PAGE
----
cannot be changed or cancelled

tax on gifts generally paid by the person making the gift rather than the recipient

the original value of an asset, such as stock, before its appreciation or depreciation

the growth in value of an asset like stock or real estate since the original purchase

the price a willing buyer and willing seller can agree on

The person receiving the gift annuity payments.

the part of an estate left after debts, taxes and specific bequests have been paid

a written and properly witnessed legal change to a will

the person named in a will to manage the estate, collect the property, pay any debt, and distribute property according to the will

A donor advised fund is an account that you set up but which is managed by a nonprofit organization. You contribute to the account, which grows tax-free. You can recommend how much (and how often) you want to distribute money from that fund to Cathedral or other charities. You cannot direct the gifts.

An endowed gift can create a new endowment or add to an existing endowment. The principal of the endowment is invested and a portion of the principal’s earnings are used each year to support our mission.

Tax on the growth in value of an asset—such as real estate or stock—since its original purchase.

Securities, real estate or any other property having a fair market value greater than its original purchase price.

Real estate can be a personal residence, vacation home, timeshare property, farm, commercial property or undeveloped land.

A charitable remainder trust provides you or other named individuals income each year for life or a period not exceeding 20 years from assets you give to the trust you create.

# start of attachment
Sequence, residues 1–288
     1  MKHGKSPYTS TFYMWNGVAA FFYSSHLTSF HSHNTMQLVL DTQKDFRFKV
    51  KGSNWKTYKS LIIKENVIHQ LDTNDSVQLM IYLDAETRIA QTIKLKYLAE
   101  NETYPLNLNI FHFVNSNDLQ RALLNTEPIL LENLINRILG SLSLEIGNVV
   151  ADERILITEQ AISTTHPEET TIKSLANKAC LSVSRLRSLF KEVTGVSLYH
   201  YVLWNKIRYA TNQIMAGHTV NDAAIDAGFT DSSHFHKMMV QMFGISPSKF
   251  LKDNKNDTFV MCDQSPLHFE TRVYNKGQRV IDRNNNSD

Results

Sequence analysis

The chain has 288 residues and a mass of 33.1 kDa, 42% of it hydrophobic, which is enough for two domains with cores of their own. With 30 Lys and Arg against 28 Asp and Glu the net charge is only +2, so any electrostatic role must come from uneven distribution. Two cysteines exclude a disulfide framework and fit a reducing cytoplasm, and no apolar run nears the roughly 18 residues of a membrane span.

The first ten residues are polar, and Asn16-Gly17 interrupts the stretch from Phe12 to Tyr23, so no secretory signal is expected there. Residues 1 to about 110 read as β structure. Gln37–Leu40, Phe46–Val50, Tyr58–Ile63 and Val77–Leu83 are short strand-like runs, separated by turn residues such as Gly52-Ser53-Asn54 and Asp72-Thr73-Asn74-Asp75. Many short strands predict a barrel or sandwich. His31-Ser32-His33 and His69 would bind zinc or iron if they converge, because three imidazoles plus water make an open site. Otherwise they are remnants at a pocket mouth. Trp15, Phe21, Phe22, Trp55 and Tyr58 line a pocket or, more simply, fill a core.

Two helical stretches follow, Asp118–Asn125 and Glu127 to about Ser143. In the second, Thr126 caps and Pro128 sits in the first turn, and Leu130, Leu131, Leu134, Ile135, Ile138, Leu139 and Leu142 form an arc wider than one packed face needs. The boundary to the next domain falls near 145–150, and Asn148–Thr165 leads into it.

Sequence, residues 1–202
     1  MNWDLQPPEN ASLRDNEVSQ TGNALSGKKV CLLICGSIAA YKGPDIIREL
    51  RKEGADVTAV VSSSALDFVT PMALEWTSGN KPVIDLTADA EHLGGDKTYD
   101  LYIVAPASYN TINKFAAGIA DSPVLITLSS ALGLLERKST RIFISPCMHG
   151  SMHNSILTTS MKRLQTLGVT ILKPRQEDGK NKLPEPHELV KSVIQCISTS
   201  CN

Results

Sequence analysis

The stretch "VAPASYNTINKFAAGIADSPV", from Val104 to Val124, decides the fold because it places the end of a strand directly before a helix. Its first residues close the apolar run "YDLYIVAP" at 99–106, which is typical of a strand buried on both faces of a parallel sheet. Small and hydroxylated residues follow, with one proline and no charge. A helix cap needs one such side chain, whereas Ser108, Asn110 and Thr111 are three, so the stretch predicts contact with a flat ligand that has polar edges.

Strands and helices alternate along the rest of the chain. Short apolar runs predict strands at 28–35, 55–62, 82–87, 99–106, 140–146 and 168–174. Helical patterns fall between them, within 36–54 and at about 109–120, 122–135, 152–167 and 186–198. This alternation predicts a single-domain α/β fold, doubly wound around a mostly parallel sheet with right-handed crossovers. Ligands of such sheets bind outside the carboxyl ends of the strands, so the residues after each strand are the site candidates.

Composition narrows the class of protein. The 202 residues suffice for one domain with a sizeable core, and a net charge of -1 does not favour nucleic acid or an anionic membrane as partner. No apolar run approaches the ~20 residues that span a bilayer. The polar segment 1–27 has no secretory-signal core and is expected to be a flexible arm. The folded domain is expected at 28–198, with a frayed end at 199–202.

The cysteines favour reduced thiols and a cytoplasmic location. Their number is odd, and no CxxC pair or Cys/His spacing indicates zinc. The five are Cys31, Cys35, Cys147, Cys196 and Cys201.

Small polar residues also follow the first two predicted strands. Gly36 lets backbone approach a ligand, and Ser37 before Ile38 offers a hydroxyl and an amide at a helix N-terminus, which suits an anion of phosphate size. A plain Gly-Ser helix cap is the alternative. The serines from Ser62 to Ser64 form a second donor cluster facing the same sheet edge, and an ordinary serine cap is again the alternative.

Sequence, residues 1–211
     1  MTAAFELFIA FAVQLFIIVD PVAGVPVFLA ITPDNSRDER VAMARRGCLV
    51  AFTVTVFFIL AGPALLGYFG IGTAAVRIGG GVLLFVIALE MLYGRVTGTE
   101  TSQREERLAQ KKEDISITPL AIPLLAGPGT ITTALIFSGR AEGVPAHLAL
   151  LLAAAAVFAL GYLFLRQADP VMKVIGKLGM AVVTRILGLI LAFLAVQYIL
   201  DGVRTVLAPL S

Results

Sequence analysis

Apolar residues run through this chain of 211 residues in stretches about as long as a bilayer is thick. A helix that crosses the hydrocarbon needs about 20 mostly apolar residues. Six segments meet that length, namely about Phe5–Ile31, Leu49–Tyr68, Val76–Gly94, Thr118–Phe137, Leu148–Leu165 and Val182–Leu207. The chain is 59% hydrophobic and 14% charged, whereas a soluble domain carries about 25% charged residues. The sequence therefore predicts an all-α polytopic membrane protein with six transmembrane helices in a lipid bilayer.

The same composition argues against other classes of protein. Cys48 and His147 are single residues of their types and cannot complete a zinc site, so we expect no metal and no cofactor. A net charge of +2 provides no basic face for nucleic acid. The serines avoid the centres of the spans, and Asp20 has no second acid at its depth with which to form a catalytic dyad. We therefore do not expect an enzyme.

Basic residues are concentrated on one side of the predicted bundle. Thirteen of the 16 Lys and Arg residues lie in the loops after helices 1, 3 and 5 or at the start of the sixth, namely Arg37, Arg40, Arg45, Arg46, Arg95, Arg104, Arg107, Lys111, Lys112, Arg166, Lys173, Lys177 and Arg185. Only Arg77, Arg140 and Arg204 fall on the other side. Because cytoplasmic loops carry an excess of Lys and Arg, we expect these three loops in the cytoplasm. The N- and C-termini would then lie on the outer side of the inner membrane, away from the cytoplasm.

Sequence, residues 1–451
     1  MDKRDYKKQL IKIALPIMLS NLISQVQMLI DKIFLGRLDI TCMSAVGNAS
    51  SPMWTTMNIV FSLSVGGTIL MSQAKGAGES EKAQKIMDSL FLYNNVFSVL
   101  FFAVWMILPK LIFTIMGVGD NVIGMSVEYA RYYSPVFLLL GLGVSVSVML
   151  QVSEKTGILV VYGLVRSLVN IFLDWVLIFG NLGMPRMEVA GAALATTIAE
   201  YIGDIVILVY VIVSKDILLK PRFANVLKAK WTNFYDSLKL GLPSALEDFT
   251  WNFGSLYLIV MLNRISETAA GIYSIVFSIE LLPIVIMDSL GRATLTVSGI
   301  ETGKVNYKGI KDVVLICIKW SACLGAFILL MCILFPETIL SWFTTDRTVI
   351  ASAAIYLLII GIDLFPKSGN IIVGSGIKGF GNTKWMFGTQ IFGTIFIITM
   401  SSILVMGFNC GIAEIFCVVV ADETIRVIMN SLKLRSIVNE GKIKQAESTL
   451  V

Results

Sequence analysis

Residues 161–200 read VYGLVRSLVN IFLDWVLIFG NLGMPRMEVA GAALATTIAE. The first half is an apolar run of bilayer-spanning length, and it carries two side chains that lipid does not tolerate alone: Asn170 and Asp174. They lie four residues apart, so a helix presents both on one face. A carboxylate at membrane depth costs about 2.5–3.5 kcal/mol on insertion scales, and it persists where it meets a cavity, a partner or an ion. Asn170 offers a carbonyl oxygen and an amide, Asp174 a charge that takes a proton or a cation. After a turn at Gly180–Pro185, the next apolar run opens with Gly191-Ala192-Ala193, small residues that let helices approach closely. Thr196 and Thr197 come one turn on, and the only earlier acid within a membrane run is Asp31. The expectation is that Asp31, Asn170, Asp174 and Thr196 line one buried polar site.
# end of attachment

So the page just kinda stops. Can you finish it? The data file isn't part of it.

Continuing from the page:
You give assets to a trust that pays our organization set payments for a number of years, which you choose. The longer the length of time, the better the potential tax savings to you. When the term is up, the remaining trust assets go to you, your family or other beneficiaries you select. This is an excellent way to transfer property to family members at a minimal cost.

You fund this type of trust with cash or appreciated assets—and may qualify for a federal income tax charitable deduction when you itemize. You can also make additional gifts; each one also qualifies for a tax deduction. The trust pays you, each year, a variable amount based on a fixed percentage of the fair market value of the trust assets. When the trust terminates, the remaining principal goes to Cathedral as a lump sum.

You fund this trust with cash or appreciated assets—and may qualify for a federal income tax charitable deduction when you itemize. Each year the trust pays you or another named individual the same dollar amount you choose at the start. When the trust terminates, the remaining principal goes to Cathedral as a lump sum.

A beneficiary designation clearly identifies how specific assets will be distributed after your death.

A charitable gift annuity involves a simple contract between you and Cathedral where you agree to make a gift to Cathedral and we, in return, agree to pay you (and someone else, if you choose) a fixed amount each year for the rest of your life.